Ever looked at a letter from the doctor and been baffled at how to pronounce the words?
Well, you’re not alone.
So, after Google search results revealed words such as quinoa, gyros and acai are among the trickiest to say, MailOnline looked at some of the most commonly mispronounced medical terms.
From oesophageal to pica, here are the words your doctors uses that you might have been saying wrong.
As Google search results revealed words such as quinoa, gyros and acai are among the trickiest to say, MailOnline looked at the most commonly mispronounced medical terms
This is pronounced ‘TIN-it-us’ — but doctors say they are used to hearing ‘ti-nite-us’.
The NHS describes tinnitus as being ‘the name for hearing noises that do not come from an outside source’.
Tinnitus can sound like ringing, throbbing, hissing, buzzing, whooshing, humming, music or singing.
It is not always clear what the cause of tinnitus is but it can be linked to hearing loss, anxiety or depression, conditions such as diabetes, thyroid disorders or multiple sclerosis, or taking certain medications.
Ménière’s disease – an inner-ear condition that causes sudden attacks of symptoms such as feeling like the room is spinning – is also thought to be commonly linked to tinnitus.
These exercises should be pronounced ‘KAY-gull’, not ‘kee-gull’.
Kegel exercises strengthen the pelvic floor muscles and are recommended during pregnancy and after childbirth.
The pelvic floor muscles support the uterus, bladder, small intestine and rectum, and kegel exercises can help prevent or control problems such as urinary incontinence by strengthening them.
For doing kegel exercises, you first need to find the right muscles – which you can do by stopping urination midstream.
To do these exercises, you should ‘imagine you are sitting on a marble and tighten your pelvic floor muscles to lift the marble’, according to Mayo Clinic. Hold this for three seconds then relax for three seconds.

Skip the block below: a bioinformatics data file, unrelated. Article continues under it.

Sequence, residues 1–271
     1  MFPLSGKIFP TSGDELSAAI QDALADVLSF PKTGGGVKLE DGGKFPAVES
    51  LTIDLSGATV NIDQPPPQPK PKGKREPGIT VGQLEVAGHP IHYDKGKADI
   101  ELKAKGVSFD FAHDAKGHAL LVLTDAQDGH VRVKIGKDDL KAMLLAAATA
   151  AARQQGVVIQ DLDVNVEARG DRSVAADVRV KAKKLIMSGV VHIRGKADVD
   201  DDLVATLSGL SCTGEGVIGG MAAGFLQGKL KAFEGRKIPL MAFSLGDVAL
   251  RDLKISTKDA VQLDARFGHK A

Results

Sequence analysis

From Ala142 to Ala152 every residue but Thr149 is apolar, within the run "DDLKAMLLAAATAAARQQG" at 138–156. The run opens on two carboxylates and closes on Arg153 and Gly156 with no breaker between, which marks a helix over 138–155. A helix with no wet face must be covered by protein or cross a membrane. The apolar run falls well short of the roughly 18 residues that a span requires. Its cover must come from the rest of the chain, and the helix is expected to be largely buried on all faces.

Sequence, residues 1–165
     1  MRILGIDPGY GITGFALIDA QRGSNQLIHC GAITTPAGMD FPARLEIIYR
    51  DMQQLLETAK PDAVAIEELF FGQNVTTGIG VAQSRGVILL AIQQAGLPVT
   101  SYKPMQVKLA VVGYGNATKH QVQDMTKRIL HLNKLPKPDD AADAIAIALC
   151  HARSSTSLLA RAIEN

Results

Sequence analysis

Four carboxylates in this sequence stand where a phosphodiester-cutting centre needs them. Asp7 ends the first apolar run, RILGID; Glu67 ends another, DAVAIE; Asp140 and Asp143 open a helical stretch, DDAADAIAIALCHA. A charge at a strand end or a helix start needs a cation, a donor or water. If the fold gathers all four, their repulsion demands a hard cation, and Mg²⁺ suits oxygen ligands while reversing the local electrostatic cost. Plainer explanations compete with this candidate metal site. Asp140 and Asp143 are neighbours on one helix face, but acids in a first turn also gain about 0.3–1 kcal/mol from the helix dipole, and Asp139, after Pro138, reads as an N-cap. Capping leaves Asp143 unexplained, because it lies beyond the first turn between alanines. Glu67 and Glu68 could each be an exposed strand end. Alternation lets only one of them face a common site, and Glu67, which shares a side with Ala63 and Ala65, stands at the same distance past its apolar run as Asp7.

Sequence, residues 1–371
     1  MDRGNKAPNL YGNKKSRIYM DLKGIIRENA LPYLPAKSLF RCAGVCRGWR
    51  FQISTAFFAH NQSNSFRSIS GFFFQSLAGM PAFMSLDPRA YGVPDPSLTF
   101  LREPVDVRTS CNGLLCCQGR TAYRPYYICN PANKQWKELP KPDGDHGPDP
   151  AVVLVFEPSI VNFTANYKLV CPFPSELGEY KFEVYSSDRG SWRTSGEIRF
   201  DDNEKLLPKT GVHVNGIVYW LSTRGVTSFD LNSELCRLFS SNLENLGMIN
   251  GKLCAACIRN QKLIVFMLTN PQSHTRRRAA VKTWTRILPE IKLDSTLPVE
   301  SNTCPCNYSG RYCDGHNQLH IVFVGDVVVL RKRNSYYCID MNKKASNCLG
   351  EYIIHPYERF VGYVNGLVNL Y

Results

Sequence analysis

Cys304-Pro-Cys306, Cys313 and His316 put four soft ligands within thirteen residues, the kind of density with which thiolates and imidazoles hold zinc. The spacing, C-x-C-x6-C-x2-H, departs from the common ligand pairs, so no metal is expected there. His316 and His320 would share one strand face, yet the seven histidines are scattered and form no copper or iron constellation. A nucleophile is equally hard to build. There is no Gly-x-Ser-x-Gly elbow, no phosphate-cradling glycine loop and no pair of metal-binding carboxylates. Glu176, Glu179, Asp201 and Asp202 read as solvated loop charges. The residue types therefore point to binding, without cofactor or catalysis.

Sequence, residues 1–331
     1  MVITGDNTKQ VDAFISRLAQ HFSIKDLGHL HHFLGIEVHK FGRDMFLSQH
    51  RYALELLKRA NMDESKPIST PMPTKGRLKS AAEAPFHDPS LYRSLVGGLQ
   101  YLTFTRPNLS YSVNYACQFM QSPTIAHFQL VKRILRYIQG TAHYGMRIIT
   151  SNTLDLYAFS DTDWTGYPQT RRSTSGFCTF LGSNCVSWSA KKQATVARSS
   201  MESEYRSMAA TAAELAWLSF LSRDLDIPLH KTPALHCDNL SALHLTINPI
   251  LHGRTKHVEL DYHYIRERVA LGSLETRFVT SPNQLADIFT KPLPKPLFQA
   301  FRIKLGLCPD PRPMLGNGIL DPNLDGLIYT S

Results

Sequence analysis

This infection is pronounced ‘dif-THEER-ee-uh’, as the ‘ph’ sounds like an F, not a P.
Diphtheria is a highly contagious bacterial infection affecting the nose, throat and sometimes skin, according to the NHS.
It is spread by coughs, sneezes or close contact with an infected person and can sometimes be fatal.
It is rare in the UK as babies and children have been vaccinated against the infection since the 1940s.
However the NHS said: ‘Since 2018, the World Health Organization has reported a rise in cases in Indonesia, India, South America and Africa’, so if you are travelling to any of these parts of the world you may need a booster vaccination.
This surgical procedure should be pronounced ‘oh-uh-fuh-WRECK-tuh-mee.’ It’s not an ‘oof’ which the spelling suggests.
Oophorectomy is a surgical procedure to remove your ovaries and may be used to treat pelvic inflammatory disease, chronic pelvic pain, ectopic pregnancy, benign tumours or large ovarian cysts.
It can also be used to lower the risk of ovarian cancer in women who carry mutations of the BRCA1 or BRCA2 genes.
As most of the production of the female hormones oestrogen and progesterone takes place in the ovaries, this surgery results in the menopause and permanent infertility.
Oopherectomy can be performed alone but is often combined with a salpingectomy — removal of the fallopian tubes.
This type of specialised doctor is pronounced ‘an-EES-thi-tist.’ Unlike ‘anaesthesia,’ the ae makes an ee sound.